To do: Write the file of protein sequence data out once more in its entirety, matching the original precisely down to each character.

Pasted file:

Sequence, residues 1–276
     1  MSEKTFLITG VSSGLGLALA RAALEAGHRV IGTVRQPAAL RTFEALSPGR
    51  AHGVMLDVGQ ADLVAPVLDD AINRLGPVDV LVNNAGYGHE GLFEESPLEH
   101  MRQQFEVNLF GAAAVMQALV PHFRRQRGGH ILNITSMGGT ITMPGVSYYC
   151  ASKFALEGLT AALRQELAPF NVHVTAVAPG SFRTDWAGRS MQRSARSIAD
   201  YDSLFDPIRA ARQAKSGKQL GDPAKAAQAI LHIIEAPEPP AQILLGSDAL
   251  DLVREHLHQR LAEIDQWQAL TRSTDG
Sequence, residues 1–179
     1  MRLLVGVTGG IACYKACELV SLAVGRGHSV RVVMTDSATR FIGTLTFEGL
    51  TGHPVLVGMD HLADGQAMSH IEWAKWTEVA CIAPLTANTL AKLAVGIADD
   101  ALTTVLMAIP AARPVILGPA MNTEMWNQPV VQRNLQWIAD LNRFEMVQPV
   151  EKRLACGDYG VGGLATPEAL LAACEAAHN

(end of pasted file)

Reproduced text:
Sequence, residues 1–276
     1  MSEKTFLITG VSSGLGLALA RAALEAGHRV IGTVRQPAAL RTFEALSPGR
    51  AHGVMLDVGQ ADLVAPVLDD AINRLGPVDV LVNNAGYGHE GLFEESPLEH
   101  MRQQFEVNLF GAAAVMQALV PHFRRQRGGH ILNITSMGGT ITMPGVSYYC
   151  ASKFALEGLT AALRQELAPF NVHVTAVAPG SFRTDWAGRS MQRSARSIAD
   201  YDSLFDPIRA ARQAKSGKQL GDPAKAAQAI LHIIEAPEPP AQILLGSDAL
   251  DLVREHLHQR LAEIDQWQAL TRSTDG
Sequence, residues 1–179
     1  MRLLVGVTGG IACYKACELV SLAVGRGHSV RVVMTDSATR FIGTLTFEGL
    51  TGHPVLVGMD HLADGQAMSH IEWAKWTEVA CIAPLTANTL AKLAVGIADD
   101  ALTTVLMAIP AARPVILGPA MNTEMWNQPV VQRNLQWIAD LNRFEMVQPV
   151  EKRLACGDYG VGGLATPEAL LAACEAAHN